This page lists a few more details about me, in addition to my official homepage.
My list of publications can be found in any of the following dictionaries:
Ecological modelling for systems understanding and water quality management.
Development of open source tools for the efficient implementation of ecological models.
Our modelling technology depends on the question. We use differential equations and individual-based simulations but also statistical models or neural networks. The size of the models can be different as well, from very simple process models up to models at the ecosystem level (e.g. coupled lake model SALMO).
Most downloads below use the R software and you may ask why…
Several years we were working with different systems and languages like Fortran, Basic, Pascal, Delphi, JAVA, C/C++, Spreadsheets, Simulation Dynamics tools etc. Now we do most things in R and some time critical parts in C/C++ or Fortran. Why?
R is more efficient for us: easy programming, fast enough, packages for “almost everything”, flexible graphics, supports writing up research. Important was also, that the R community uses scientific publications for communication and getting scientific credit. We still use other software, but only with R we feel it worth to make our tools publicly available.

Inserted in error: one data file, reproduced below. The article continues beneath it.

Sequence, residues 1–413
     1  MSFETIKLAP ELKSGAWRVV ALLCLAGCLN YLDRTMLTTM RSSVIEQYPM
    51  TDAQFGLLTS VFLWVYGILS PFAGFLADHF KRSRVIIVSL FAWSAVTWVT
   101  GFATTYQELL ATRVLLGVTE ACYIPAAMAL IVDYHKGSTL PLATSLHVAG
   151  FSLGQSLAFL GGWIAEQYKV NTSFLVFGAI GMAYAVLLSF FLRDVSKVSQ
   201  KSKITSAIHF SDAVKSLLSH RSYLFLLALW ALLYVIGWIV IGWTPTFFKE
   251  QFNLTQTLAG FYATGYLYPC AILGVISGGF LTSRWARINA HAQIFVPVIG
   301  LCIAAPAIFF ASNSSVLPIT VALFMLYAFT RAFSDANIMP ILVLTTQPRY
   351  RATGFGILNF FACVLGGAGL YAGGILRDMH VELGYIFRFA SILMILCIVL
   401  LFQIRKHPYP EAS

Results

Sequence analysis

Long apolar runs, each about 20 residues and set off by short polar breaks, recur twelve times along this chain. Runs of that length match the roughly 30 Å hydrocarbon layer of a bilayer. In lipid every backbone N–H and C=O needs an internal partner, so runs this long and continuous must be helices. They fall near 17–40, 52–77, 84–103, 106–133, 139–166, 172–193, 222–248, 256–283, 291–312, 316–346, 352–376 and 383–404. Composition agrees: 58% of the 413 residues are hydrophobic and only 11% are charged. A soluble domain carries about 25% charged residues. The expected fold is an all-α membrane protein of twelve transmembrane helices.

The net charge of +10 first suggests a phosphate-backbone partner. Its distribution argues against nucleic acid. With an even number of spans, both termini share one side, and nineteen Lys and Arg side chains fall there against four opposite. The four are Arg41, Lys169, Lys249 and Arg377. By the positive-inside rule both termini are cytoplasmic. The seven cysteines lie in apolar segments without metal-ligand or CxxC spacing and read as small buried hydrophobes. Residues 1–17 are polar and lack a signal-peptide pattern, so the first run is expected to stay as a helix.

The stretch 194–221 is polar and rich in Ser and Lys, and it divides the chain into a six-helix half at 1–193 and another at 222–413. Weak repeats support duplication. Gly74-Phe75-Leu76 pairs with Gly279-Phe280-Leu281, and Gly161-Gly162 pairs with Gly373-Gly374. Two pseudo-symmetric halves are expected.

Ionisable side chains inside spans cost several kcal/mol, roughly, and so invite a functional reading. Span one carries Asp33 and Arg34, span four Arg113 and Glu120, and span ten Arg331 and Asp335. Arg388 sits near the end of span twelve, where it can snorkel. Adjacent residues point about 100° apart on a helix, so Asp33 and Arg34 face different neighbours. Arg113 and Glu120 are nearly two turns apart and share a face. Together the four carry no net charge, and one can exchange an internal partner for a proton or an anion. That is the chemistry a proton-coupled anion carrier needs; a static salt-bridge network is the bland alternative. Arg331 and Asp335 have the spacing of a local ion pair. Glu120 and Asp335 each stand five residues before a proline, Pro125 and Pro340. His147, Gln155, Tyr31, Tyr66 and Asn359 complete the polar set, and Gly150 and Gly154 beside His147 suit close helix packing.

deSolve (Soetaert, Petzoldt, Setzer): the main workhorse for initial value problems of differential equations in R.
FME (Soetaert, Petzoldt): tools for sensitivity analysis, model fitting and Markov chain Monte Carlo (MCMC)
marelac (Soetaert, Petzoldt, Meysman): tools for aquatic sciences; chemical and physical constants, physical properties of seawater and dissolved substances, calculation tools
simecol (Petzoldt): implements an “object model of models”, applicable to ODE/PDEs, IBM/ABMs and cellular automata
qualV (Jachner, Boogaart, Petzoldt): model validation criteria, especially for models with time delay
proto (Grothendieck and Petzoldt, now maintained by Hadley Wickham): implements lightweight prototype-based (i.e. classless) object orientation
cardidates (Rolinski, Sachse, Petzoldt): peak-fitting and determination of “cardinal dates” in environmental time series
growthrates (Petzoldt): fit population growth models to experimental data